Thousands of people have gathered on the streets of Mandalay, Nay Pyi Taw, Yangon and other cities in Myanmar in a national strike protesting against the military coup in the country.
Despite Myanmar's ruling junta's threat of using lethal force against them, protestors have still gathered in the above-mentioned cities to protest against the military rule and the house-arrest of Aung San Suu Kyi, the State Counsellor of Myanmar (equivalent to Prime Minister).
More than 1,000 protesters gathered near the U.S. Embassy in Yangon despite barriers blocking the way, but left to avoid a confrontation after 20 military trucks with riot police arrived nearby. Protests continued in other parts of the city, including next to Sule Pagoda, a traditional gathering point.
Factories, workplaces and shops were shuttered across the country Monday in response to the call for a nationwide strike. The closings extended to the capital, Naypyitaw.
The junta had warned against a general strike in a public announcement Sunday night on state television broadcaster MRTV.
"It is found that the protesters have raised their incitement towards riot and anarchy mob on the day of 22 February. Protesters are now inciting the people, especially emotional teenagers and youths, to a confrontation path where they will suffer the loss of life," the onscreen text said in English, replicating the spoken announcement in Burmese.
The junta's statement also blamed criminals for past protest violence, with the result that "the security force members had to fire back." Three protesters have been fatally shot.
"I am joining the 22222 nationwide protest as a citizen of the country. We must join the protest this time without fail," said 42-year-old Zayar, who owns a bottled water business in the capital. "So I've closed down my factory and joined the demonstration." Zin Mi Mi Aung, a 27-year-old saleswoman, also joined the strike.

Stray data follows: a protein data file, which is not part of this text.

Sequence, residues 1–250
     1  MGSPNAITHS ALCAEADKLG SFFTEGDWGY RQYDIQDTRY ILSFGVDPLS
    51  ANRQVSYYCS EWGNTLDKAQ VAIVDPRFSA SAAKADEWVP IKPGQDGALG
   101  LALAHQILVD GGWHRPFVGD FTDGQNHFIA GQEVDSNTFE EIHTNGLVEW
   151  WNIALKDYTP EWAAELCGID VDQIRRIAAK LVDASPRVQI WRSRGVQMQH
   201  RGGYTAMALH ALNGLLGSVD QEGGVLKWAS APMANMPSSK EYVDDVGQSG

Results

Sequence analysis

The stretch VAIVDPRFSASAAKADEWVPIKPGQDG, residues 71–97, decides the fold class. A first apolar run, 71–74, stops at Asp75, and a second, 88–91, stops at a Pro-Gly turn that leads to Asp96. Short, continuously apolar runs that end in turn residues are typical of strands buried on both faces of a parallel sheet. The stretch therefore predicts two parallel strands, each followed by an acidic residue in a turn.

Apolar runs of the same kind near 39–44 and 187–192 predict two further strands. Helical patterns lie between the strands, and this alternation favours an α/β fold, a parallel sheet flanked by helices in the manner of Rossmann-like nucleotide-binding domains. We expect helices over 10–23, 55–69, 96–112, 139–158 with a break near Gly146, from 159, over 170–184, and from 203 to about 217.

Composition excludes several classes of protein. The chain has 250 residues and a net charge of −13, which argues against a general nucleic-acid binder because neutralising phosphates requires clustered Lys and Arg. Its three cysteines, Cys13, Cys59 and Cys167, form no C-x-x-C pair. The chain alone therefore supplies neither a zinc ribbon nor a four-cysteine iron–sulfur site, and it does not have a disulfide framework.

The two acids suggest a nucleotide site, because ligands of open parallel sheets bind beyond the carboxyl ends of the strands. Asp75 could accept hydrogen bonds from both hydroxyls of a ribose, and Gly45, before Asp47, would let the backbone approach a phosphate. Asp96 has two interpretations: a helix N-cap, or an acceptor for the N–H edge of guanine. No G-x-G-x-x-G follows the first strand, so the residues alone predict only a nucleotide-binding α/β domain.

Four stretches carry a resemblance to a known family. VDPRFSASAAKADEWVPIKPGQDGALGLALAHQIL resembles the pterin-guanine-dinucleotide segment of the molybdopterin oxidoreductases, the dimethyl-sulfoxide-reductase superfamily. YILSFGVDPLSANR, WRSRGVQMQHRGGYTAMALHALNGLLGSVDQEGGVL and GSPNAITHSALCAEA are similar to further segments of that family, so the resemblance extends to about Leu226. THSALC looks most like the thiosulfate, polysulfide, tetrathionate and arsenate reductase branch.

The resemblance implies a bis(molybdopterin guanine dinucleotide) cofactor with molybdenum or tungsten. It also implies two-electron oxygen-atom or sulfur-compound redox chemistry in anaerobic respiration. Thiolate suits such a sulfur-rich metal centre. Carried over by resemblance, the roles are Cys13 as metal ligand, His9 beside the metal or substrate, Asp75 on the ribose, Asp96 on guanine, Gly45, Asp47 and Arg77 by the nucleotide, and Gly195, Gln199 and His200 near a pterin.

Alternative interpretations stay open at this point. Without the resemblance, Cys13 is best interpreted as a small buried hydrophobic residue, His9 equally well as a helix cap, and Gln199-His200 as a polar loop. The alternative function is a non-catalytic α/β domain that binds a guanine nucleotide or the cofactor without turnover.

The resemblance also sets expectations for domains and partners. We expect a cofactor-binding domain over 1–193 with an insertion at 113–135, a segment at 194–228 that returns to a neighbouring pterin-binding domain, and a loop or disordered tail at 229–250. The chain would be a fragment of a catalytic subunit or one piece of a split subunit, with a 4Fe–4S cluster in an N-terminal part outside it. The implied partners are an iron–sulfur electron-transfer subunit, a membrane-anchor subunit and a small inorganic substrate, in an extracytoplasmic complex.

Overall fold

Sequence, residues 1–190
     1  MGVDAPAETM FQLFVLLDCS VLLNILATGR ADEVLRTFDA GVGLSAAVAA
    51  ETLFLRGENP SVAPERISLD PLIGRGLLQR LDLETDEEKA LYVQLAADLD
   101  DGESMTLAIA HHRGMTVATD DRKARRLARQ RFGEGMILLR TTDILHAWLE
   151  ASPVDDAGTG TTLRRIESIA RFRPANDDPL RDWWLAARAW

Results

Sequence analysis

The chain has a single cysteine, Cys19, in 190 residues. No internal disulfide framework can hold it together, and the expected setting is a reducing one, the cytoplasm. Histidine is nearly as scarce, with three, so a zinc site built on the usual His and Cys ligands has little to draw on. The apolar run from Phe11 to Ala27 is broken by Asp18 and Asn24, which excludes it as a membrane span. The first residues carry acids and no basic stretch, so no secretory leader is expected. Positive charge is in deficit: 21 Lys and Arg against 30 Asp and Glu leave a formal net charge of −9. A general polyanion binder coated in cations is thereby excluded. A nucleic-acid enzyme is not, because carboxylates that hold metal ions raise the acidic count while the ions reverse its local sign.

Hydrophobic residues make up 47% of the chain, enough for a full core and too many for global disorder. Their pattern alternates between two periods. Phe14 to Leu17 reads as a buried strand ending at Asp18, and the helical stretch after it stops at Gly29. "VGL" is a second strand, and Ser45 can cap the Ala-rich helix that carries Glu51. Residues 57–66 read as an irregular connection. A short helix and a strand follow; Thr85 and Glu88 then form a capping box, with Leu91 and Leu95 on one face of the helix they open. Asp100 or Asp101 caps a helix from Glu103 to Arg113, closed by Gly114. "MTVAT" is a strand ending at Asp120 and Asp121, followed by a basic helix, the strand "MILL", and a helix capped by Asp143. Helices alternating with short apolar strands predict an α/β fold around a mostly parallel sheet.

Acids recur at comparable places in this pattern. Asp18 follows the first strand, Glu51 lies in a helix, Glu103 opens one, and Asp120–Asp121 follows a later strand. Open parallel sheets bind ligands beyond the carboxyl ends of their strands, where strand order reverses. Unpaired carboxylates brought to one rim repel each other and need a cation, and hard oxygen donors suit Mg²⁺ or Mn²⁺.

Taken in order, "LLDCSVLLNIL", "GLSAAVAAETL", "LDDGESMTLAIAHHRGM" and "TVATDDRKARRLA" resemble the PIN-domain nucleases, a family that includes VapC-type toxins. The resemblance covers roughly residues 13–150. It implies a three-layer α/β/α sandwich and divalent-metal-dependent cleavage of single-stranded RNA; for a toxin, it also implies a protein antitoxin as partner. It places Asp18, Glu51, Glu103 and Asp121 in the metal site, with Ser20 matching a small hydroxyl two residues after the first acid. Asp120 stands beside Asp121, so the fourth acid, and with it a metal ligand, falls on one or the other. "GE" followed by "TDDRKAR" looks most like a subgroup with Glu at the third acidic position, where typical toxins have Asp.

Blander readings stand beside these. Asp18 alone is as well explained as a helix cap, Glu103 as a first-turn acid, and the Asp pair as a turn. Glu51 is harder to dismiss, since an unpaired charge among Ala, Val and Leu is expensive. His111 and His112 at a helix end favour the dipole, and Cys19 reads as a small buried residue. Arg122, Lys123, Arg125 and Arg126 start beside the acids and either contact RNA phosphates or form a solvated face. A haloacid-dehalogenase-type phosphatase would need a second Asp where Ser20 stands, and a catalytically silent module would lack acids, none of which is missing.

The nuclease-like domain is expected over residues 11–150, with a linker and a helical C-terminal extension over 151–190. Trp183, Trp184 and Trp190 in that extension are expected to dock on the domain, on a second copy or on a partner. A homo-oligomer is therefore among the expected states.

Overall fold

"We don't want to be governed by the regime," she said as people marched and chanted behind her. "We will fight against them until we win." Thousands of people gathered in the capital's wide boulevards, many on motorbikes to allow swift movement in the event of any police action.
The protest movement, which seeks to restore power to the elected government of Aung San Suu Kyi and have her and other leaders released from detention, has embraced nonviolence.
Today's movement is being called the '22222' uprising based on today's date 22/02/22. This is perhaps one of the largest uprisings witnessed in the history on Myanmar.
The military prevented Parliament from convening on Feb. 1, claiming that elections last November won by Suu Kyi's party in a landslide were tainted by fraud. The election commission that affirmed the victory has since been replaced by the junta, which says a new election will be held in a year's time.
The coup was a major setback to Myanmar's transition to democracy after 50 years of army rule that began with a 1962 coup. Suu Kyi came to power after her party won a 2015 election, but the generals retained substantial power under a military-drafted constitution.
Under the junta, 640 people have been arrested, charged or sentenced, with 593, including Suu Kyi and President Win Myint, still in detention, according to the independent Assistance Association for Political Prisoners.
Here are some pictures from the Myanmar protests.
With inputs from PTI.